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Iberian Escapes

Milla Digital


Zaragoza is a Spanish city located at the halfway point between Madrid and Barcelona. In 2005, Zaragoza Mayor Juan Alberto Belloch proposed the Digital Mile project, as he saw the development of the new high-speed railway system that was being built as an opportunity for urban redevelopment in the city. This was even more so as the new railway system now placed Zaragoza within commuting distance of Spain's two largest cities.

Not long after the project was set in motion, Zaragoza was appointed to be the location of the international exposition. As a result, plans for the Digital Mile were put on hold until after the exposition. However, coincidentally on the day of the exposition, the 2008 economic crisis hit, and one of the Digital Mile’s biggest investors, the Lehman brothers, went bankrupt, which halted a majority of their development. Since then, the Digital Mile as a project is no longer active, however it has been broken down into mini projects that are happening around the city.

Key Characteristics

Etopia Center for Arts and Technology. The Etopia Center for Arts and Technology was designed to be an expressive building merging research, art, economics, communication, culture, and technology in the city. Spanning 16,000 square meters, with three large sections, it acts as an open space for where artists, engineers, and the general public can come together. Additionally, it connects Zaragoza to the former international exposition grounds, as well as the high-speed railway station and a surrounding park. Its role is really to act as a place for the community to gather and share knowledge, as well as a technological and innovation hub. It does so by housing two startup incubators, a residence for creators and researchers, audiovisual and technological creative laboratories, as well as university research.

Alt Text / Etopia Center for Arts and Technology
Reynaers Aluminum

Bridge Pavilion by Zaha Hadid. The Zaha Hadid Bridge Pavilion connects one of the main neighborhoods of Zaragoza, La Almozara, to the exposition site, and spans the Ebro River. The walls are made of digitally controlled water droplets, which can generate writing or patterns or access to spaces. The result is a space that is interactive and reconfigurable in that each wall can potentially become an entrance or exit, while the internal parts can shift depending on the number of people present. At the end of the bridge at the entrance of the expo site, there is the digital water pavilion by Carlo Ratti, which all come together to act as an interactive exhibition area focusing on water sustainability, as well as a public event space with many digital elements.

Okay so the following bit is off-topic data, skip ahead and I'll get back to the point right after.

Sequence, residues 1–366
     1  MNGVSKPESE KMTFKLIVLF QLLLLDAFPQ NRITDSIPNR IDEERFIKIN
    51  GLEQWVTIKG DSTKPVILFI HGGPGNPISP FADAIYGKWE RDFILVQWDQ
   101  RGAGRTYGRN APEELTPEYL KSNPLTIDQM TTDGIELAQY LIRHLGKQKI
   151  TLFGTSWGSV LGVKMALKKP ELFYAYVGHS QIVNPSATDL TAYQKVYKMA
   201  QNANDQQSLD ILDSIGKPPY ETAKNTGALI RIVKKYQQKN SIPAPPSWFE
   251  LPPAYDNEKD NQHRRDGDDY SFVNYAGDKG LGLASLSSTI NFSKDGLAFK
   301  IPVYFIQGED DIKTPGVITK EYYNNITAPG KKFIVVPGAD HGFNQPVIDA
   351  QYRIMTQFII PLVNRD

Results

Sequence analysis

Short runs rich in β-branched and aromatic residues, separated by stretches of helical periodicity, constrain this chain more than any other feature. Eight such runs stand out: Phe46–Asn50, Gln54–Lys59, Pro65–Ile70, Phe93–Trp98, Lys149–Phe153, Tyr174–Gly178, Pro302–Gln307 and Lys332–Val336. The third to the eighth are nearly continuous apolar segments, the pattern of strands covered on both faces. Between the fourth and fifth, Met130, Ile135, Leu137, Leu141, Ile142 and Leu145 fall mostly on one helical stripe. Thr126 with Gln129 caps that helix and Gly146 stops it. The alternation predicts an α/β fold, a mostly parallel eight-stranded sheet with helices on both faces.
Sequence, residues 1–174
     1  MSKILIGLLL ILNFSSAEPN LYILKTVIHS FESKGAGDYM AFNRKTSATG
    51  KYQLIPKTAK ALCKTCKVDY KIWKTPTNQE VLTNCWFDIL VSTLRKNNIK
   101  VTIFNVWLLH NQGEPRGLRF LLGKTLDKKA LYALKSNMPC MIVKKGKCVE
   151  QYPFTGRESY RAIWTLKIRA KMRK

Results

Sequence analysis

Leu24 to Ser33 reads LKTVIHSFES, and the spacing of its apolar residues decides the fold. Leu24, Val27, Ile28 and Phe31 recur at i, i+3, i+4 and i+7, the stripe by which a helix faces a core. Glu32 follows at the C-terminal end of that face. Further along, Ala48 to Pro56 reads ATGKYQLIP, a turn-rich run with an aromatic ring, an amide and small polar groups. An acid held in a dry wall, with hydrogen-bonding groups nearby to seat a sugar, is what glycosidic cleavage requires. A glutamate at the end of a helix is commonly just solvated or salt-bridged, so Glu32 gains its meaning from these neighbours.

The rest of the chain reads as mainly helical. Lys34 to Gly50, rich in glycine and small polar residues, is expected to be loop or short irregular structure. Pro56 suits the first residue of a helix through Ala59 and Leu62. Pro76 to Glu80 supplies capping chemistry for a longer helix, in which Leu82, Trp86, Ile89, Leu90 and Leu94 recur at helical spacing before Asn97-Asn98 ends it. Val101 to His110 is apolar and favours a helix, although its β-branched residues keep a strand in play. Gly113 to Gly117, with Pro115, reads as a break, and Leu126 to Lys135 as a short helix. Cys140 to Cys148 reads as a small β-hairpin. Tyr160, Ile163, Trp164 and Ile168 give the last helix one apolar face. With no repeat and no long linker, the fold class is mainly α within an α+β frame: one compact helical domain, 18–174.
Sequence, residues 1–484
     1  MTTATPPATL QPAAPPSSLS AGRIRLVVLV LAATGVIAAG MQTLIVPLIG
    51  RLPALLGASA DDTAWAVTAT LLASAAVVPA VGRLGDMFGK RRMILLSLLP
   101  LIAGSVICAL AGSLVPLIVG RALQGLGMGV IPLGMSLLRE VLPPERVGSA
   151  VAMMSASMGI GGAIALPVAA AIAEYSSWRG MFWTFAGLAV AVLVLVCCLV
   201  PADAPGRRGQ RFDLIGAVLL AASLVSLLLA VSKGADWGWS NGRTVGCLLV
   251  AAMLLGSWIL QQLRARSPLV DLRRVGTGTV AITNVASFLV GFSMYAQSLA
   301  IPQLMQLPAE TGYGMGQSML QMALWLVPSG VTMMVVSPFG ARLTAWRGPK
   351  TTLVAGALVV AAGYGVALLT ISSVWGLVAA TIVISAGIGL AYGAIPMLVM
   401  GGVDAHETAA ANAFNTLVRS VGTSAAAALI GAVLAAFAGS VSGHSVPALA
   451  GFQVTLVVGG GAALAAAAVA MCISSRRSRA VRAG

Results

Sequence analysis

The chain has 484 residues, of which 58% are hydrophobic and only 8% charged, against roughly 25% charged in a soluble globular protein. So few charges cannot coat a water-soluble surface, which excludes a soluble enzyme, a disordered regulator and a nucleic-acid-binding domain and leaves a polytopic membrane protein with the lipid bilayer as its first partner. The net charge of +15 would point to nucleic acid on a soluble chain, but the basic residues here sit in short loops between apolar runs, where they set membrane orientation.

Alt Text / Bridge Pavilion
Luke Hayes

Paseo del Agua. The last key characteristic I will discuss is one that was included in the initial proposal, but has yet to be implemented- the Paseo del Agua, or Water Wall. The Paseo del Agua would act as an interactive fountain where people could digitally control the streams of water. With a command – for example by jumping into the water or sending a message through their phone – the water could start and stop or change in pressure. This is a significant urban element, similar to a canal running through the city, except twisted into a vertical plane so that people can experience it from a distance as a landmark or interact with it directly. Anchored between the two significant event places Almozara and Portillo, it would work with the bridges and event spaces to knit together the Digital Mile and act as a tool to facilitate flow in the community. The Paseo del Agua would act as a place for the community to gather and enjoy the natural resources, while learning more about sustainability and the environment.

Alt Text / Paseo del Agua

Goals and Aspirations

Social Connection. The first goal of the Digital Mile was social connection. The city aimed to visually and funcitonally weave together the ciy's diverse residents, both long-term residents and immigrants from places like South America, Eastern Europe, and North Africa alike. They aimed to do this through initiatives such as integrated educational and communal facilities, as well as public spaces that would draw in different types of users through digital media and features.